IPA phoneme /tʃ/

From Teflpedia



church /ʧɜːrʧ/

Strict IPA


church / t͡ʃɜːr t͡ʃ/


church /tʃɜːrtʃ/

In English, both in Received Pronunciation and in General American, the IPA phonetic symbol /tʃ/ corresponds to the initial consonant sound in words like "check", and the final one in "catch".

Strict IPA emphasises the fact that /tʃ/ is one phoneme: "teacher" is /ˈtiːt͡ʃər/ and "hotshot" is /ˈhɒtʃɒt/. The alternative is to use the syllable separator: /ˈtiː.tʃər/ and /ˈhɒt.ʃɒt/.

/tʃ/ is an unvoiced consonant; its voiced counterpart is IPA phoneme /dʒ/.

/tʃ/ is an affricate; its fricative counterpart is IPA phoneme /ʃ/.

Common words[edit]

  • Initial pronunciation of /tʃ/
As "ch": chain - chair - challenge - champion - chance - change - channel - chapter - charge - chart - chat - cheap - cheat - check - cheese - chess - chief - child - China - choice - choose - church
  • Final pronunciation of /tʃ/
As "ch": approach - beach - branch - church - coach - each - launch - lunch - much - reach - research - rich - search - speech - such - teach - touch - which
As "tch": attach - batch - catch - match - sketch - stretch - switch - watch
  • Pronunciation of /tʃ/ in "mid"-position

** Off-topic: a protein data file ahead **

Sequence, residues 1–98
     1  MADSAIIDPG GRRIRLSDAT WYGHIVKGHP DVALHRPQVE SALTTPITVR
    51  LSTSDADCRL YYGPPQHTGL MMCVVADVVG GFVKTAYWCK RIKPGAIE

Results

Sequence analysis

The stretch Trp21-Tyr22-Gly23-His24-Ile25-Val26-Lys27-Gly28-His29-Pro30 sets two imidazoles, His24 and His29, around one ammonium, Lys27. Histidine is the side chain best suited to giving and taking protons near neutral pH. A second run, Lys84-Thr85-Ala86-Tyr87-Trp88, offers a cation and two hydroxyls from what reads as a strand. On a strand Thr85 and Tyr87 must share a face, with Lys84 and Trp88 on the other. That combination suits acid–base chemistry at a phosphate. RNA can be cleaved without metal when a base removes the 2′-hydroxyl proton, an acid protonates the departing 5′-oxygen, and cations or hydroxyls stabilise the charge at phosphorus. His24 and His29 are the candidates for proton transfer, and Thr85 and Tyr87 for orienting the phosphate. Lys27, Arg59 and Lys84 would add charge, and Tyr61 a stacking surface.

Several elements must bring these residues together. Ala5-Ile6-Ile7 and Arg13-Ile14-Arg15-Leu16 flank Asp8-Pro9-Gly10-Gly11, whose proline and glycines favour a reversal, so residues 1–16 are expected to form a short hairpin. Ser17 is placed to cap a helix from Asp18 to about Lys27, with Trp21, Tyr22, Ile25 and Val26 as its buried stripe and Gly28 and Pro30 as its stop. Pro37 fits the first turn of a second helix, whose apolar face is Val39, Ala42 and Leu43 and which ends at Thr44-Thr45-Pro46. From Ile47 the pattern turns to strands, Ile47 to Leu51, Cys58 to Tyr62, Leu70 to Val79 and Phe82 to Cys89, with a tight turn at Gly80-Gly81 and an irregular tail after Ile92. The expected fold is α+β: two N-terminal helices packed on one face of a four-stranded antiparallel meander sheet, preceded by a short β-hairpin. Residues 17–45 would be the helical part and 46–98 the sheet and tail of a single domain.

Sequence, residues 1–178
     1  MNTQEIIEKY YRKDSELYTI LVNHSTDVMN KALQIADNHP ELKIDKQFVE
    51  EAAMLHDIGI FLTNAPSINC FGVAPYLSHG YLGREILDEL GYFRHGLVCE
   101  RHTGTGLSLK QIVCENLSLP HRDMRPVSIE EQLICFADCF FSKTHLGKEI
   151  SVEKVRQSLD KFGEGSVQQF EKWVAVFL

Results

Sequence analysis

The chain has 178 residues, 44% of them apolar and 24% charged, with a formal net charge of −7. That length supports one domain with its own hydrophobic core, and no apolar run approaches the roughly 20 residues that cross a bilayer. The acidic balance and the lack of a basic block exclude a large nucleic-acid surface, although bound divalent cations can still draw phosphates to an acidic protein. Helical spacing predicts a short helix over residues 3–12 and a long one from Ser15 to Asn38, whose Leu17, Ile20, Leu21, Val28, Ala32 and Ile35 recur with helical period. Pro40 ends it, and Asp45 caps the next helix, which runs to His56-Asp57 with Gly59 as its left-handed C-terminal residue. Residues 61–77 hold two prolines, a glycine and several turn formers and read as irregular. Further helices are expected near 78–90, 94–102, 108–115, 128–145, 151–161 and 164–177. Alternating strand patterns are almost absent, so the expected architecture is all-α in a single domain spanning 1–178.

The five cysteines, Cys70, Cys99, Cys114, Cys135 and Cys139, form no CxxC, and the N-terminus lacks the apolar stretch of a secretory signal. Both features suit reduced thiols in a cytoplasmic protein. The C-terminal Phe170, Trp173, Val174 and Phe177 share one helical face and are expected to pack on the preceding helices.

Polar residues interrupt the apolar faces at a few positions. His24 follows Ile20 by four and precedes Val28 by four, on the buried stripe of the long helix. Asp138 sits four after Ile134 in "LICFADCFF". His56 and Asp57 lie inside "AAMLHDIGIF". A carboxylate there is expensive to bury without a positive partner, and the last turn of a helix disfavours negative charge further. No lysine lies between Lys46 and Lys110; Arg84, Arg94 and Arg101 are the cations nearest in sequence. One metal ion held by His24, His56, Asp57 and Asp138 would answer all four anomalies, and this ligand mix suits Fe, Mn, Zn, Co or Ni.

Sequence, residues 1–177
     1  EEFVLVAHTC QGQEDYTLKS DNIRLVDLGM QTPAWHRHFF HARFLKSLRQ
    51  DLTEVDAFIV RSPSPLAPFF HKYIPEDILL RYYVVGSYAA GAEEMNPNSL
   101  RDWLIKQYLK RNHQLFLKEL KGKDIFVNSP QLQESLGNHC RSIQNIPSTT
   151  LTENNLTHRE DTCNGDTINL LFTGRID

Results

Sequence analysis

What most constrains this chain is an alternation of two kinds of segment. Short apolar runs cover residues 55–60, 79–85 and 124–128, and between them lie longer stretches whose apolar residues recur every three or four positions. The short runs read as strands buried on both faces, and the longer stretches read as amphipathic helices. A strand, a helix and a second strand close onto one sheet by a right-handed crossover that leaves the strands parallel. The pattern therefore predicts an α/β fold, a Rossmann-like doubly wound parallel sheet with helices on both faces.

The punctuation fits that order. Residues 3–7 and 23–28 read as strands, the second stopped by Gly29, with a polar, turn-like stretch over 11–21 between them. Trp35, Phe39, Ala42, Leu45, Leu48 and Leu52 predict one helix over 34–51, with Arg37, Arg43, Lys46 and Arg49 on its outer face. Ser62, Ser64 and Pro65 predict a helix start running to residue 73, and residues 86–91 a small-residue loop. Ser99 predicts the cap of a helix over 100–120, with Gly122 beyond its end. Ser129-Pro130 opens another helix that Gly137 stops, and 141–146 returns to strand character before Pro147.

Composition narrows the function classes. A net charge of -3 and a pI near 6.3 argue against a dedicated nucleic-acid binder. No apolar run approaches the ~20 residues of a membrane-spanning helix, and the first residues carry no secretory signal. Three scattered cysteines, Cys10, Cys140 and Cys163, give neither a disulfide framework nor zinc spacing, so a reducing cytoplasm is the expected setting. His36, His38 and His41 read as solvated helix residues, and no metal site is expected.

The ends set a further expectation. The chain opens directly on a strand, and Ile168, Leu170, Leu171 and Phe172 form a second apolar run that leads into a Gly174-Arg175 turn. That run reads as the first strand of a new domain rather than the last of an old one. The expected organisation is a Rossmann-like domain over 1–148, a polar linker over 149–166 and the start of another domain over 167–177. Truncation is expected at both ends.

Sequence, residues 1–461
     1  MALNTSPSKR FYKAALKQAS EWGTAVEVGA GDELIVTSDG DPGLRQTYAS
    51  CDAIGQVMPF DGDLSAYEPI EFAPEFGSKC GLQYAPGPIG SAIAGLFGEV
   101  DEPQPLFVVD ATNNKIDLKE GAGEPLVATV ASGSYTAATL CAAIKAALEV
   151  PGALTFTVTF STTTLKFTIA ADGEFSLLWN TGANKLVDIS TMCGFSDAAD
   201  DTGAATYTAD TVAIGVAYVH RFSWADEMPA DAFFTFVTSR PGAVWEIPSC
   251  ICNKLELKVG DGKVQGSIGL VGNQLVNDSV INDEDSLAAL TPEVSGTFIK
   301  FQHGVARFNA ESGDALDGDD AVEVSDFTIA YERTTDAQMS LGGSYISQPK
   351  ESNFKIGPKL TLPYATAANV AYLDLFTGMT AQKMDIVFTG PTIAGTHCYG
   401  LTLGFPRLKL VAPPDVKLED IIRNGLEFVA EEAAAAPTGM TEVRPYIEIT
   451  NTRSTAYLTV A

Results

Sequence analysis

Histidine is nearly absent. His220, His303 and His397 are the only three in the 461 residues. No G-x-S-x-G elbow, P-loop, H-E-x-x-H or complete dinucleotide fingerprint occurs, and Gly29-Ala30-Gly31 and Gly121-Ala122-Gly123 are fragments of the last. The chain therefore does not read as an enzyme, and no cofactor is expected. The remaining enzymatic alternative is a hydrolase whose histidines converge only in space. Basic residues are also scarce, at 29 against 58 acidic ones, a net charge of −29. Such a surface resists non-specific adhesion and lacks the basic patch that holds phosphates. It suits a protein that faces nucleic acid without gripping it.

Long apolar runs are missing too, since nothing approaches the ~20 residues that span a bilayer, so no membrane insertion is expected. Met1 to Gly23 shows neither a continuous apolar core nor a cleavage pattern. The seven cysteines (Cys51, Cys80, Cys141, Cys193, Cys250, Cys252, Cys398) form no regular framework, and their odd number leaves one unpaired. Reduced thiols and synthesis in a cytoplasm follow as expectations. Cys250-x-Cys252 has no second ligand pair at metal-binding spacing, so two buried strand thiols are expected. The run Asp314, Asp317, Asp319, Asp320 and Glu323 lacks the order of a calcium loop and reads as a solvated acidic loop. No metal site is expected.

As "ch": achieve - exchange - purchase - Richard - teacher
As "tch": butcher - kitchen
As "tu": adventure - culture - feature - fortunate - furniture - future - picture - natural - situation
As "ti": suggestion - question

Uncommon words[edit]

  • As "tch": ditch - hitch - itch - pitch - slitch - switch - twitch - unhitch[1]
  • righteous /ˈraɪtʃəs/
  • wretched /ˈretʃɪd/
  • Spelling anomaly
Czech /tʃek/


  • check - cheque - Czech; which - witch


/t/ and /ʃ/ can be two separate phonemes. For example, the pronunciation of "nutshell" is /ˈnʌt.ʃel/ and "nature" is pronounced /ˈneɪ.t͡ʃər/.

Anticipated pronunciation difficulties depending on L1[edit]

Preconceived ideas and other interferences from L1 obviously interfere in many cases with how students perceive - and pronounce - sounds/words in English. The following sections aims to point out some of the most typical difficulties teachers and students may encounter regarding pronunciation.


In Spanish the letters "ll" and "y" sound similar to /dʒ/, /ʒ/ or /j/. The sound of these letters is never in final position. For this reason many students will "hear" /tʃ/ in words like orange or judge.


  1. See the lyrics of Munchkinland in The Wizard of Oz. Wendy's Wizard of Oz, Munchkinland.

See also[edit]

External links[edit]